Antimicrobial susceptibility was determined using the broth microdilution method according to the guidelines of the Clinical and Laboratory Standards Institute (CLSI).14 Bacterial colonies selected from an 18- to 24-hour agar plate were adjusted to a turbidity equivalent 0.5 McFarland standard and the bacteria suspension was further diluted to a final inoculum density of approximately 105 CFU/mL in each well. Each well of a plate was inoculated with 100 µL inoculum, and the plate was incubated for 24 hours at 35°C. After incubation, the minimum inhibitory concentration (MIC) was read as the lowest concentration of antibiotic at which there was no visible growth. The results were determined and interpreted as follows: colistin according to the European Committee on Antimicrobial Susceptibility Testing (EUCAST),15 tigecycline according to the US Food and Drug Administration, and all the others according to the CLSI M100-S27 criteria.14 MASTDISCS combi Carba plus disc system D73C (MASTCarba plus; Mast Group Ltd., Liverpool, UK) was used for the identification of carbapenemase types. Mast D73C is a five-disc detection set comprised of a penem antibiotic-only disc as well as MβL inhibitor, KPC inhibitor, and AmpC inhibitor discs. The fifth disc is a temocillin disc with a MβL inhibitor. D73C can detect MβL-positive strains, KPC-positive strains, and OXA-48-like-positive strains, and it can also differentiate KPC-positive isolates from isolates expressing AmpC coupled with porin loss.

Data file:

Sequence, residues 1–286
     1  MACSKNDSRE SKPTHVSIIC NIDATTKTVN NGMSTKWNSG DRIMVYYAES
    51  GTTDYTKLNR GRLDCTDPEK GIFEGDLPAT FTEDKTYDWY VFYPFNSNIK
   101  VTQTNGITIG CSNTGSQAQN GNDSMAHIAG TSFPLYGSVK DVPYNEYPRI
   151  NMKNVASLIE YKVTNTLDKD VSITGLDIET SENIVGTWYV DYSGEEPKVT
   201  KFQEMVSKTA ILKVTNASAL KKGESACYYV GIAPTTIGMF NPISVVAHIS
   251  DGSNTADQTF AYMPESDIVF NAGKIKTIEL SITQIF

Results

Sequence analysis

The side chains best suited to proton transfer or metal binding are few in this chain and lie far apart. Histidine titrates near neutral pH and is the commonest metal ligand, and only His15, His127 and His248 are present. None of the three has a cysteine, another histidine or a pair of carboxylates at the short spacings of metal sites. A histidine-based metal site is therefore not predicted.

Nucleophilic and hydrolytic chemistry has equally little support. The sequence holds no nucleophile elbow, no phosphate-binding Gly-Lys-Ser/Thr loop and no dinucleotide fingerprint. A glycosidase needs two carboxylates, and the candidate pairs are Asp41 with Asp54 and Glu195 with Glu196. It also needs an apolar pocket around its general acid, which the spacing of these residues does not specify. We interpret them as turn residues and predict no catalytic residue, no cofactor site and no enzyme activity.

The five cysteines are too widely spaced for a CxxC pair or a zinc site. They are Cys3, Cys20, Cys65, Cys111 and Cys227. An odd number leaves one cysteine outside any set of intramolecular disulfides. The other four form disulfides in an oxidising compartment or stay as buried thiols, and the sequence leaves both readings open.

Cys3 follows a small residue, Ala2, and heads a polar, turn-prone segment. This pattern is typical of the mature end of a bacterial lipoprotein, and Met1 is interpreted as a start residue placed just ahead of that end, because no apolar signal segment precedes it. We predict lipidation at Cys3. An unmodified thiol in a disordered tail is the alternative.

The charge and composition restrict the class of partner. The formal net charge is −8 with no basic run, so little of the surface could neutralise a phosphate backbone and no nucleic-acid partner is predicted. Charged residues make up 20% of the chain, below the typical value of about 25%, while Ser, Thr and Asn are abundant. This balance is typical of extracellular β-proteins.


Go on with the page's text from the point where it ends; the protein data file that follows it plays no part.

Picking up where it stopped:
Detection of antimicrobial resistance genes and multilocus sequence typing (MLST)
Polymerase chain reaction (PCR) assays were performed to detect drug resistance genes, such as carbapenemases (blaKPC , blaAIM , blaGIM , blaSIM , blaNDM , blaIMP , blaVIM, and blaOXA-48), common extended-spectrum β-lactamase (ESBL) genes (blaCTX groups, blaTEM-1, and blaSHV), AmpC genes (MOX, FOX, DHA, CIT, AAC, and EBC), and plasmid-mediated colistin resistance gene (MCR-1), according to previously described conditions and primers.16–19 The positive amplicons screened by electrophoresis on a 1.5% agarose gel were sequenced, and the DNA sequences obtained were analyzed and compared with those available in the NCBI GenBank database (https://www.ncbi.nlm.nih.gov/genbank/) using BLAST searches.